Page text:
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LONDON (Reuters) - The family of a man suspected of driving a rented van into Muslim worshippers after they left prayers at a north London mosque said they are devastated at the "madness" of the attack.
The vehicle swerved into the group of worshippers, mainly of North and West African origin, after they left prayers in Monday's early hours at the Muslim Welfare House and the nearby Finsbury Park Mosque in north London, one of the biggest in Britain. Eleven people were injured.
Police said Muslims were clearly the target and Prime Minister Theresa May described it as a "sickening" terrorist attack.
A 47-year-old man was restrained by locals at the scene and police later arrested him on suspicion of attempted murder and terrorism offences. He is still being questioned by detectives, and will be held for another three days, police said.
Apart from 11 people injured, police were still looking into a possible link between the incident and one death at the scene.
The suspect was named by British media as Darren Osborne, 47, a father of four, who lived in the Welsh capital Cardiff. In a statement given to local media on behalf of his family, his nephew Ellis Osborne said: "We are massively shocked; it's unbelievable, it still hasn't really sunk in.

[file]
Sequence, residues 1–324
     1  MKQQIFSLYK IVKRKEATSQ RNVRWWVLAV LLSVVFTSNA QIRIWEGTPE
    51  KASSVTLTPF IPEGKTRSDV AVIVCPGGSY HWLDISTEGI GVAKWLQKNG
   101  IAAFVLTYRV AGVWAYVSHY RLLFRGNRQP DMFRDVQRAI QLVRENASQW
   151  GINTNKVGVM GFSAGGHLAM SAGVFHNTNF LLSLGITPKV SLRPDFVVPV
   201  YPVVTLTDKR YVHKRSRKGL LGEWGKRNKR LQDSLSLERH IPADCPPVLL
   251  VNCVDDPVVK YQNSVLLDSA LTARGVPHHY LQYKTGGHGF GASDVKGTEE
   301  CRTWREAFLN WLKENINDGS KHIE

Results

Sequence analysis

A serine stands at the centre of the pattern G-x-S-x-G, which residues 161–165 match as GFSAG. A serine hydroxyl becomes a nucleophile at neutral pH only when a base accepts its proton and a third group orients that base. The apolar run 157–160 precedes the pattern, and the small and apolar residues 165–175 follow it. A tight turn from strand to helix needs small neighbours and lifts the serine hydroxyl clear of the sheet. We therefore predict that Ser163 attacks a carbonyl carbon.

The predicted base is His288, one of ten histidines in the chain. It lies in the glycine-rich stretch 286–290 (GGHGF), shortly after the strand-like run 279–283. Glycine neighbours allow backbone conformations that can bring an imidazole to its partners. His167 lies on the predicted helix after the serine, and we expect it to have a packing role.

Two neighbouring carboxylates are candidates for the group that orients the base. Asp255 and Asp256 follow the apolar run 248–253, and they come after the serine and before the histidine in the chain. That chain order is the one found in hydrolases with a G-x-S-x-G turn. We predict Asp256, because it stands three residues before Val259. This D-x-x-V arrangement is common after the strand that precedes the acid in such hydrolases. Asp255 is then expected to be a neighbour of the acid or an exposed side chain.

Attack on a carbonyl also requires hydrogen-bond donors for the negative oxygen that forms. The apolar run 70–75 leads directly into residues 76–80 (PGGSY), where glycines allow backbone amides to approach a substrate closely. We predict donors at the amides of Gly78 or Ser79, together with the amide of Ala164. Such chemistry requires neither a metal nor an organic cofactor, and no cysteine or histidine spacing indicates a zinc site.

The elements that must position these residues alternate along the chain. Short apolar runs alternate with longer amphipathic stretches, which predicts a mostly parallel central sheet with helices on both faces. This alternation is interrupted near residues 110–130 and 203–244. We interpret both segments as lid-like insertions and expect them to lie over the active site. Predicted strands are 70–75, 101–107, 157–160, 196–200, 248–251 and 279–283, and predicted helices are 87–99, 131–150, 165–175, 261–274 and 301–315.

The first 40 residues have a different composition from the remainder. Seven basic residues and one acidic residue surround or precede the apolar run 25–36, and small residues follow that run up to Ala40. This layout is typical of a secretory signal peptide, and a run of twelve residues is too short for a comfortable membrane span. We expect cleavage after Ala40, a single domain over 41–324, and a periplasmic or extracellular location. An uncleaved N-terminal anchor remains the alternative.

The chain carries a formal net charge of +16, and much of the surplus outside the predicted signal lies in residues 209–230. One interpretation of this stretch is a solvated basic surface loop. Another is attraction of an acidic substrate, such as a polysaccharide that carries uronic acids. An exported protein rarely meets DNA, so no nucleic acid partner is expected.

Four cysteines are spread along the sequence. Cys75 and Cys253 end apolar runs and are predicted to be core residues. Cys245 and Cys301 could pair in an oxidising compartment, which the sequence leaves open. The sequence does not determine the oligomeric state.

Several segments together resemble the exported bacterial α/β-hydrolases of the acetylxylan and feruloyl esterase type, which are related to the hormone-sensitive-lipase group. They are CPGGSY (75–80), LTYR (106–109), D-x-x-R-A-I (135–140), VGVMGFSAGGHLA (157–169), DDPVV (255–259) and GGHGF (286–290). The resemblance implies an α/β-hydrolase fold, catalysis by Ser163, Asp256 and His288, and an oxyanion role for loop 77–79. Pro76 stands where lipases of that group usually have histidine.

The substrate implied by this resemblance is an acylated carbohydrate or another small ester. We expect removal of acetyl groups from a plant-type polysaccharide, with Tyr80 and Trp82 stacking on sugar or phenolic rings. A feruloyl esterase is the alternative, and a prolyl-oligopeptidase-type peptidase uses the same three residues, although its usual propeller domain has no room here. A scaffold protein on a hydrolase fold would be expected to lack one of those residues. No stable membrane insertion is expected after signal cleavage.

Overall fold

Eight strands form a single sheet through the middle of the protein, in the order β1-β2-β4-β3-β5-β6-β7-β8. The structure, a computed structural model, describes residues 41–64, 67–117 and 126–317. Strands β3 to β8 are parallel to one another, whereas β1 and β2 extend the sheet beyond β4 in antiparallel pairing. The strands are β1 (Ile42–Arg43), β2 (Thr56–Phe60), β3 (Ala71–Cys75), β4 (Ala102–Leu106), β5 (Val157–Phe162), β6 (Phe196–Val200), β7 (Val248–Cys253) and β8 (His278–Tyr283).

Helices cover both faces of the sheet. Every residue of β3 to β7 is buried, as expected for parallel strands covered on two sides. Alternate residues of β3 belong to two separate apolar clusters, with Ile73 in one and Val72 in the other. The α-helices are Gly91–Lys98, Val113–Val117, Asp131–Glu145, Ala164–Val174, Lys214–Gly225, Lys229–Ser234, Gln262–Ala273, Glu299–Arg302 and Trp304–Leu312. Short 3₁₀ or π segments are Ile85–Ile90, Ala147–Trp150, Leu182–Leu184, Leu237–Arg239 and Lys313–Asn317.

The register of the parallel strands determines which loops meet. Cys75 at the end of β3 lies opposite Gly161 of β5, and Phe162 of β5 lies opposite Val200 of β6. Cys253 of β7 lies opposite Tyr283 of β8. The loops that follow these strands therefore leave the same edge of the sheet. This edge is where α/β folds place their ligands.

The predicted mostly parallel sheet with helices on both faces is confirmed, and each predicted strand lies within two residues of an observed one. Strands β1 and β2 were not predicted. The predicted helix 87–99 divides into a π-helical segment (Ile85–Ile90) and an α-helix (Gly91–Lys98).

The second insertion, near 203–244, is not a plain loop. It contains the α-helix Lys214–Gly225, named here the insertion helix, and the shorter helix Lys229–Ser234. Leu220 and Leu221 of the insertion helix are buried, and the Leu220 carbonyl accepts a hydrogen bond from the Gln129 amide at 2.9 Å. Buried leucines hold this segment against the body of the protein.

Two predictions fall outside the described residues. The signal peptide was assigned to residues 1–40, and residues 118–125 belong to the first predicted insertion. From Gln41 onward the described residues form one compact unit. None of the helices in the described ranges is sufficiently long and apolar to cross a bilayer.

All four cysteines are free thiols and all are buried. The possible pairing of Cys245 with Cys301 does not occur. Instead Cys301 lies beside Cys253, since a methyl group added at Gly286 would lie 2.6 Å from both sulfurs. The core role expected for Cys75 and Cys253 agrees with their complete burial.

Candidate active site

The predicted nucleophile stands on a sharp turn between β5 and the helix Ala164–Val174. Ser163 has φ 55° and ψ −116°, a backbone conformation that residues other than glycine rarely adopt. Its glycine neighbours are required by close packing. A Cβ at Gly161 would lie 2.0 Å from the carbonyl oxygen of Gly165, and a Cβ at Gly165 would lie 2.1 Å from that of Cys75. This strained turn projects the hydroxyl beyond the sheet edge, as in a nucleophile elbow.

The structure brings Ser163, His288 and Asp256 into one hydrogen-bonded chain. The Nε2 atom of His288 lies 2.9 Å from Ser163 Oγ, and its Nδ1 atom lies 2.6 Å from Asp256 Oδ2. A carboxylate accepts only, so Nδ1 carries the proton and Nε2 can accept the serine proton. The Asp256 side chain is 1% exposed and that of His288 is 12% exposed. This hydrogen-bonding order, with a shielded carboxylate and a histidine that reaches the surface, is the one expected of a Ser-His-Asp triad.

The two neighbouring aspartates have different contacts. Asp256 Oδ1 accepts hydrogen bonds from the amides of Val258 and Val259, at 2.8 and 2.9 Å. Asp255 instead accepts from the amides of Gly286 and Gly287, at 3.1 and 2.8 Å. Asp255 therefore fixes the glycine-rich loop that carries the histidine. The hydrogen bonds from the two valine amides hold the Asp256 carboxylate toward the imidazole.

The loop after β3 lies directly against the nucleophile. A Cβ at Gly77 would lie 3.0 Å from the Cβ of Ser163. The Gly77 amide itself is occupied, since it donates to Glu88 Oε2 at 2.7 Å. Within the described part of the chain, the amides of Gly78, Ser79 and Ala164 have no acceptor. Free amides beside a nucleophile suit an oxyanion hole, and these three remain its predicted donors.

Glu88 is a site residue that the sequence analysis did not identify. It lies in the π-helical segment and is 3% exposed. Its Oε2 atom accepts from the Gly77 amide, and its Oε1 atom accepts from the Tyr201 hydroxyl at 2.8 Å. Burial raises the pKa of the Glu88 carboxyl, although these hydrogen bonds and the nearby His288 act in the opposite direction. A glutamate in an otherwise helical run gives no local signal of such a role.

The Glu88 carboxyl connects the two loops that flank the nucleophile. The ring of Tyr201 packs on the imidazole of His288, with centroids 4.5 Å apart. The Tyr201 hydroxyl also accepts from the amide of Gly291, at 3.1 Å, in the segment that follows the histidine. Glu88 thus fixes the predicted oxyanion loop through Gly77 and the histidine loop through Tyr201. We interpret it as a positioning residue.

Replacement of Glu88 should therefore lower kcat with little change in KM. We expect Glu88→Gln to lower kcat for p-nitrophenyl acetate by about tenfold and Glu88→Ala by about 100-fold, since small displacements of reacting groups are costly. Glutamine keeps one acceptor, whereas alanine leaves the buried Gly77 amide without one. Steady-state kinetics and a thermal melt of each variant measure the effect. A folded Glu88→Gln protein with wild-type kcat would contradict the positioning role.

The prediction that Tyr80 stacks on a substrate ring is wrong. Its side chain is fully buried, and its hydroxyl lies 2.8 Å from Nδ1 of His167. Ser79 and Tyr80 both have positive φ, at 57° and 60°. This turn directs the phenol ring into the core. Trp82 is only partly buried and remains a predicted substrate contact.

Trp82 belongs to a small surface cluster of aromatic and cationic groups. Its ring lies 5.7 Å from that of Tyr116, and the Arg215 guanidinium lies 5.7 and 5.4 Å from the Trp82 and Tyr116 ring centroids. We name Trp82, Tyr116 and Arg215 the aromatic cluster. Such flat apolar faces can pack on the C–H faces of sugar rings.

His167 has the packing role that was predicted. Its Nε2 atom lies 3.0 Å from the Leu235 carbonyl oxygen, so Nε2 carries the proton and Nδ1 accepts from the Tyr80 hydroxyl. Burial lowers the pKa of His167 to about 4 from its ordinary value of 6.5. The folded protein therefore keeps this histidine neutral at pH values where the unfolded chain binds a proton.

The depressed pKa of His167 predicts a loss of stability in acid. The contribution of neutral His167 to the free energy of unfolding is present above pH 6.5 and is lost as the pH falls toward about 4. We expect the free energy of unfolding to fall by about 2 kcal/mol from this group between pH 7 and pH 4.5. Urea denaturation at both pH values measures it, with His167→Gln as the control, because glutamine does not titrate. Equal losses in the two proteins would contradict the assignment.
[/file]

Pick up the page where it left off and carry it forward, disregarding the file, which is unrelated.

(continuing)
"We are devastated for the families, our hearts go out to the people who have been injured. It's madness. It is obviously sheer madness."
The incident at Finsbury Park was the fourth attack in Britain since March and the third to involve a vehicle deliberately driven at pedestrians. The previous attacks had been blamed on Islamist extremists.
The latest attack comes at a tumultuous time for the government with Britain starting complex divorce talks with the European Union and May negotiating with a small Northern Irish party to stay in power after losing her parliamentary majority in a snap election that backfired.
An imam from the Muslim Welfare House who stepped in to protect the driver from the angry crowd after the incident was hailed as a hero in British newspapers on Tuesday.
"We found that a group of people quickly started to collect around him ... and some tried to hit him either with kicks or punches," Mohammed Mahmoud told reporters.
"By God's grace we managed to surround him and to protect him from any harm."
Security Minister Ben Wallace said the man was not known to the security services and police said they believed he was acting alone.
They were carrying out searches of addresses in Cardiff where the vehicle hire firm that rented out the van was based.
Reporting by Michael Holden; Editing by Mark Heinrich